• PHP 5.x is the slowest with results between 47x to 60x behind C++.
  • PHP 7 made the big surprise. It is about 10x faster than PHP 5.x, and about 3x faster than Python which is the next fastest script language.

The tests were run on a Debian Linux 64-bit machine.

You can download the source codes, an Excel results sheet, and the benchmark batch script at:
https://github.com/famzah/langs-performance

 


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Properly escape arbitrary data for JavaScript in an HTML page

I’ve encountered different techniques which (try to) solve this problem. Some of them escape only the single/double quotes, others sanitize the input by removing unexpected characters, etc. The solution should however be more general, and thus bullet proof.

We have no doubts on how to escape arbitrary data which we want displayed in an HTML page. We convert all special characters to HTML entities, and most programming languages have a function for that. In PHP that’s the htmlspecialchars() function. No developer writes their own version by substituting the ampersand character with “&”, for example, and so on.

Why re-invent the wheel when dealing with arbitrary data for JavaScript in an HTML page then. JavaScript expects data to be escaped in JSON — “Since JSON is a subset of JavaScript, it can be used in the language with no muss or fuss”.

The rules of thumb are:

  • When supplying arbitrary data to JavaScript, encode it as JSON. Let json_encode() put the opening and closing quotes.
  • If the JavaScript code is embedded in HTML code, the whole thing needs to be additionally HTML-escaped (converted to HTML entities).

Enough theory, let’s see the source code:

<?php
	$data = 'Any data, including <html tags>, \'"&;(){}'."\nNewline";
?>
<html>
<body>
	<script>
		// JavaScript not in HTML code, because we are inside a <script> block
		js_var1 = <?=json_encode($data)?>;
	</script>

	The input data is: <?=htmlspecialchars($data)?>
	<br><br>
	<a href="#" onclick="alert(<?=htmlspecialchars(json_encode($data))?>)">
		JavaScript in HTML code; supply data directly.
	</a>
	<br><br>
	<a href="#" onclick="alert(js_var1)">
		JavaScript in HTML code; supply data indirectly by using a JavaScript variable.
	</a>
</body>
</html>

The result seems a bit weird, even like a broken HTML, when we supply the data directly inside the HTML code:

<a href="#" onclick="alert(&quot;Any data, including &lt;html tags&gt;, '\&quot;&amp;;(){}\nNewline&quot;)">
	JavaScript in HTML code; supply data directly.
</a>

A side note: Make sure that for PHP you stay in UTF-8, because json_encode() requires this, and htmlspecialchars() also interprets encodings.

I’ll be glad to hear your comments or see an example where this method of escaping fails.


4 Comments

Parse XML into a PHP array

There are many different examples on how to parse an XML document into an array with PHP. What mine is different with is that it:

  • is very memory efficient by using PHP references (similar to pointers in C)
  • uses no recursion, thus there is no limit on the XML subtree levels
  • is very strict and paranoid about correctness

The parsing is done using XML Parser.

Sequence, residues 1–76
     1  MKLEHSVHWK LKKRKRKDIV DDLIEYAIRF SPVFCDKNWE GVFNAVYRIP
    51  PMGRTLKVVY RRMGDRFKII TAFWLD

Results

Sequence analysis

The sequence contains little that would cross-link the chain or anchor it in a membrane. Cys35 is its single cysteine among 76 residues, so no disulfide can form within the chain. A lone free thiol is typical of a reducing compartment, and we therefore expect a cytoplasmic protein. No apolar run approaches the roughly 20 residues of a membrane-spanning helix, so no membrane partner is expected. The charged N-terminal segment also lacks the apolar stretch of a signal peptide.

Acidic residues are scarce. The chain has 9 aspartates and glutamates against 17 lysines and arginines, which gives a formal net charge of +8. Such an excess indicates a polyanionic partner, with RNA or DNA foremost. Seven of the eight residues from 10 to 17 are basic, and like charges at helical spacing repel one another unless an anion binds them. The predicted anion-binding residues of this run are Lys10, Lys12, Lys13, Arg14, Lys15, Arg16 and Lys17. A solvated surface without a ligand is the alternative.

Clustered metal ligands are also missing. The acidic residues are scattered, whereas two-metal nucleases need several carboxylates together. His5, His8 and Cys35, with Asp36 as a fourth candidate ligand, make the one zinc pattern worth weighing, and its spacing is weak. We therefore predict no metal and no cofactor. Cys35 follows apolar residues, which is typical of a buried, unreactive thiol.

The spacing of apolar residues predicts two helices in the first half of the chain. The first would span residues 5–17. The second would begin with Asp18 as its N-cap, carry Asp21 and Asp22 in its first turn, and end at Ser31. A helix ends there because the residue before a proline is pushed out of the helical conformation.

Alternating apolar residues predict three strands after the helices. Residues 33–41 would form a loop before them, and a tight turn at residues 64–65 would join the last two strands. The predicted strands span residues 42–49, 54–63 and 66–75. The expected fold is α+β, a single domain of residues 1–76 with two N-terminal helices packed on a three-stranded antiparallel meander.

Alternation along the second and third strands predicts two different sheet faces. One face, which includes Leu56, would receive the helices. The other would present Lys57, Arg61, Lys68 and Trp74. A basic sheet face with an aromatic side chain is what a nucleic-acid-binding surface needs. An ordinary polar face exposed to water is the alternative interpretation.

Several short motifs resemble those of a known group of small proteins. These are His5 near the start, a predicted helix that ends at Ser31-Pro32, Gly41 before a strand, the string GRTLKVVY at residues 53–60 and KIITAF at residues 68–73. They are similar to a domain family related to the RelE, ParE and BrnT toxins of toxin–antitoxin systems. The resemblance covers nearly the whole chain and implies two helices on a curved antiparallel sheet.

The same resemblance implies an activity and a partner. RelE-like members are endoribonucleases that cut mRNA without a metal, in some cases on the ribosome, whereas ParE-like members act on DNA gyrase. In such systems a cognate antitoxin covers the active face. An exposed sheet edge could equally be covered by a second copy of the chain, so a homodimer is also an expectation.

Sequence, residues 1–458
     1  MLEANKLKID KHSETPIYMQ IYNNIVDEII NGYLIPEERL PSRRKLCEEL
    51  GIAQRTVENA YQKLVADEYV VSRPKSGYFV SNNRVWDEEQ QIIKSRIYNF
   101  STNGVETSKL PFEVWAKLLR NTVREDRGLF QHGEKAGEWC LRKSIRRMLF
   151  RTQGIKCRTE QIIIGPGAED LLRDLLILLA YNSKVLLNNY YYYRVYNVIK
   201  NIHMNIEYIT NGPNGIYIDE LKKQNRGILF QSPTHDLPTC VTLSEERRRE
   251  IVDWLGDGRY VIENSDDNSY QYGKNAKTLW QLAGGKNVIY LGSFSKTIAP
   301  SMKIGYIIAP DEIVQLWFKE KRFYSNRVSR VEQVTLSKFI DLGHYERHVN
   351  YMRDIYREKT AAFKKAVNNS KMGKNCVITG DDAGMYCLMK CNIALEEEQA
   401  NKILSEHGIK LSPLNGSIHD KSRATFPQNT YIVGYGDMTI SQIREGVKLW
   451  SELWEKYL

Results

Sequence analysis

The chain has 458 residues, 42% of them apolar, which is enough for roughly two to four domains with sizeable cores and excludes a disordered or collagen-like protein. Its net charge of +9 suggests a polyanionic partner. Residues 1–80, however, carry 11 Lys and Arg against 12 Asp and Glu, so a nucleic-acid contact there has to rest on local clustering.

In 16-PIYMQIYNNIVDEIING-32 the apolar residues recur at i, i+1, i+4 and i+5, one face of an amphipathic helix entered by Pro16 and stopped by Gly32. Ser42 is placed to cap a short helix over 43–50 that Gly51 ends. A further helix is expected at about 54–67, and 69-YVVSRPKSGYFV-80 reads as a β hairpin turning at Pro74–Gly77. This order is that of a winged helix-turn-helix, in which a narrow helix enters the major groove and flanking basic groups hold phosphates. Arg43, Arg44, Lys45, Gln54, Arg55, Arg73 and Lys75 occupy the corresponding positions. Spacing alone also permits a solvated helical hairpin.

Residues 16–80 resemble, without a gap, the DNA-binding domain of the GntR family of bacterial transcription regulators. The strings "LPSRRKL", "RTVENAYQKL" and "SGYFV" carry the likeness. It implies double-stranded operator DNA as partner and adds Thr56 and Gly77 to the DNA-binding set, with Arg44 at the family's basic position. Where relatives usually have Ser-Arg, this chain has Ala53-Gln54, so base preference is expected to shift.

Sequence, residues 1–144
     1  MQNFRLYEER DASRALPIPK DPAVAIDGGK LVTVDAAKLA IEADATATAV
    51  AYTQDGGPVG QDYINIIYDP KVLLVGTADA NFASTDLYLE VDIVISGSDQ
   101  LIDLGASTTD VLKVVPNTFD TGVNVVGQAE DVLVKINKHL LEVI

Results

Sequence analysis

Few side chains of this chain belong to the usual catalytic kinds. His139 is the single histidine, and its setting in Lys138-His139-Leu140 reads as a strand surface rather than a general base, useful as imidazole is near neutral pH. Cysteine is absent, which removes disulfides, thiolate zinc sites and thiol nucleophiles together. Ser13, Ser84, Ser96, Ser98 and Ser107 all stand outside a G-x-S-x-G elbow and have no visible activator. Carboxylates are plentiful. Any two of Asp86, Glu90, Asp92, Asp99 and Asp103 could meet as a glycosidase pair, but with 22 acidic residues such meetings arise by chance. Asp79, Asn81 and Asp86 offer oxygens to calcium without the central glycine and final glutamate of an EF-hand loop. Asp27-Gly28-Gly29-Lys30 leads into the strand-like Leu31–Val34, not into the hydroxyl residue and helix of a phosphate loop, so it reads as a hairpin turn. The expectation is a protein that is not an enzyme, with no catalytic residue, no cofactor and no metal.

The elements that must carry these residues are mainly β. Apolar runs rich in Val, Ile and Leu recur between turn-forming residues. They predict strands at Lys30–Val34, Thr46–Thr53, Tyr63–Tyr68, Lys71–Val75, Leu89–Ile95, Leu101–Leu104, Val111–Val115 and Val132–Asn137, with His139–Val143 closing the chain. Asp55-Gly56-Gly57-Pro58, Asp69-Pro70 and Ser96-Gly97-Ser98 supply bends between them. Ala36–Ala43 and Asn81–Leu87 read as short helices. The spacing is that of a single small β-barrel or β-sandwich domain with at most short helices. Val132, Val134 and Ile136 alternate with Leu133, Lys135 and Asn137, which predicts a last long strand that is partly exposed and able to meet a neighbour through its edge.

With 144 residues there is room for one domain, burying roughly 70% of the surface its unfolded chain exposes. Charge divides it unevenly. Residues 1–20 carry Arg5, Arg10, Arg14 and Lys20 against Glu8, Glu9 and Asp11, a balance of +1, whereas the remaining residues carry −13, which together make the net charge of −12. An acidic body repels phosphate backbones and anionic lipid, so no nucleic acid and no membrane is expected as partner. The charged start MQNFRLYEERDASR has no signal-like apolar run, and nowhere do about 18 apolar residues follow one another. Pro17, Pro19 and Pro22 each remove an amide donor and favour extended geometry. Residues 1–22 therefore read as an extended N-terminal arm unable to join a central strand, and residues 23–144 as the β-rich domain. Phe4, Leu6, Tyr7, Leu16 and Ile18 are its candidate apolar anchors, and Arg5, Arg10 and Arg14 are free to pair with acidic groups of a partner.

An example input XML data follows:

<?xml version="1.0" encoding="ISO-8859-1"?>
<root>
	<first_item>Test 1st item</first_item>
	<first_level_nested>
		<item idx="0">value #1</item>
		<item idx="1">value #2</item>
		<second_level_nested>
			<item idx="0">value #3</item>
			<item idx="1">value #4</item>
		</second_level_nested>
	</first_level_nested>
	<second_item>Test 2nd item</second_item>
</root>

There is one specific hack here. Since XML allows it to have an element with the same name multiple times on the same subtree level (see <item> on lines #05, #06, #08, #09), and at the same time it does not allow to have an element with only numeric name, we need to make the following exception for arrays which have numeric indexes:

  • If an element is named <item>, and it has an attribute named “idx”, then we will use this attribute as name, and respectively array key.

This is handled in the XmlCallback() class, method startElement(), lines #44, #45, #46, which are also highlighted. You can see the sources at the end of the article.

XML also allows it that an element contains both DATA and sub-elements. This cannot be parsed into a PHP array, and will result in an Exception.

The parsed PHP array would look like as follows:

Array
(
	[root] => Array
	(
		[first_item] => Test 1st item
		[first_level_nested] => Array
		(
			[0] => value #1
			[1] => value #2
			[second_level_nested] => Array
			(
				[0] => value #3
				[1] => value #4
			)

		)

		[second_item] => Test 2nd item
	)

)

If you liked the results, you can download the sources which follow (click “show source” below):

<?php

function xml_decode($output) {
	$xml_parser = xml_parser_create();
	$xml_callback = new XmlCallback();
	
	if (!xml_set_element_handler(
		$xml_parser,
		array($xml_callback, 'startElement'),
		array($xml_callback, 'endElement')
	)) throw new Exception('xml_set_element_handler() failed');
	if (!xml_set_character_data_handler($xml_parser, array($xml_callback, 'data'))) {
		throw new Exception('xml_set_character_data_handler() failed');
	}
	if (!xml_parser_set_option($xml_parser, XML_OPTION_CASE_FOLDING, 0)) {